food manufacture

More than a quarter of food and drink manufacturers will be forced to increase prices as a result of the national living wage, according to a report by BDO.

The new law, which raises the legal minimum for workers aged 25 and over to £7.20 from 1 April, would have a “significant” impact on the industry, where average salaries tend to be lower than in other engineering manufacturing sectors, the accountancy and business advisory firm said in its 2016 Food & Drink Report.

It found 26% of manufacturers would need to increase prices for customers to offset the cost of George Osborne’s policy, with almost one in five weighing up a headcount reduction and 32% planning to increase automation investment.

“Some companies have been slow to adopt automation on production lines, due to the downtime and disruption it could cause in a busy factory,” said Paul Davies, head of food & drink manufacturing at BDO.

“However, the realities of a modern business needing to compete on quality and cost, combined with the impact of the introduction of the NLW, is prompting more automation investment for the year ahead.”

Other pressures bearing down on UK food and drink manufacturers included the raging supermarket price war driving food prices down and squeezing margins, debates about the reformulation of food, the threat of a sugar tax, a growing skills gap and the uncertainty created by the impending EU referendum on Brexit.

However, despite the challenging trading environment, the report - produced in association with the Institution of Mechanical Engineers - found 79% of those surveyed were positive about the future of the industry, with 86% expecting revenue growth of up to 20% in the next year.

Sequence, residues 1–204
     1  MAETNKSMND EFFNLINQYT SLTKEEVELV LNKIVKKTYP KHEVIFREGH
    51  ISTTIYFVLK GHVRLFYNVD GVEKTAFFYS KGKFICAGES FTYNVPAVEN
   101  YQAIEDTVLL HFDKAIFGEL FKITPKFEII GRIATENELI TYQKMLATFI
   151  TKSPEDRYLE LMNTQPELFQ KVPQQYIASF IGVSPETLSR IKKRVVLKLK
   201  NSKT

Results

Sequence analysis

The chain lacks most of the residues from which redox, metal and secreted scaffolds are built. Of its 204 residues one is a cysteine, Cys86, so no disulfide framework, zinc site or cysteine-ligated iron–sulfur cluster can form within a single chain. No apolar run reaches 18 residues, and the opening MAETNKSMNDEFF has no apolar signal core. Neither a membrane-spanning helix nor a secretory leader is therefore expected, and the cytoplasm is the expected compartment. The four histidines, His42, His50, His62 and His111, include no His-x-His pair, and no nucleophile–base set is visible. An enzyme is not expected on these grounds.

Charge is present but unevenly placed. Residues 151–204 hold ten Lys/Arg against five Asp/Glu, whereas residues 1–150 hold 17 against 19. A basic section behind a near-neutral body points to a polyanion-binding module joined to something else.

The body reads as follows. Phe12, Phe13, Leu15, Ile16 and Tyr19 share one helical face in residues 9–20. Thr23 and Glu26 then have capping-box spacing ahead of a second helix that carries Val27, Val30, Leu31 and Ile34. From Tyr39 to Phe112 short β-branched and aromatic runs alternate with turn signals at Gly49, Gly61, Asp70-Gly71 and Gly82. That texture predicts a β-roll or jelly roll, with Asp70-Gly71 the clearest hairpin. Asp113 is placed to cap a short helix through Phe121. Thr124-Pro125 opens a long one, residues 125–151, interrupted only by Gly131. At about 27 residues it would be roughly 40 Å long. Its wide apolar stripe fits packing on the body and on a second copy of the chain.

Nearly two-thirds of firms said NPD would be a major source of growth, with 60% and 43% adding that access to new UK markets and export markets respectively would be an increasingly important part of their growth strategies.

Organic growth is also the priority, with only 15% expecting to do deals in the year ahead.

“Pressures on pricing and margins remain hugely challenging, but the overall sentiment of the sector is a positive one,” Davies said. “It’s been a tough few years for food and drink companies, but it seems they are finally stepping out of the shadows and focusing on future growth.”

Operating margins continue to be squeezed, according to 82% of companies, and pricing pressures remained the top challenge for food manufacturers and processors. Attracting and retaining skilled labour was named the second biggest challenge, on a par with the volatility of raw materials. Almost three-quarters (70%) of those surveyed said they were experiencing difficulties in recruiting.

“The supermarkets’ battle to drive consumer prices lower has both challenged the supply chain and made it more resilient,” Davies added. “With competition and supermarket behaviour, margins are affected. A majority of respondents had experienced similar or worsened operating margins in comparison to 2014. The continued strain on profit margins has been impacted by pressure on prices from customers, with little relief from raw material cost pressures.”

Food and drink is the single largest manufacturing sector in the UK, with a turnover of £95.4bn and gross value added (GVA) of £21.9bn.

The BDO Food & Drink Report 2016 surveyed 48 manufacturers, with turnovers ranging from less than £1m to giants with revenues of more than £500m.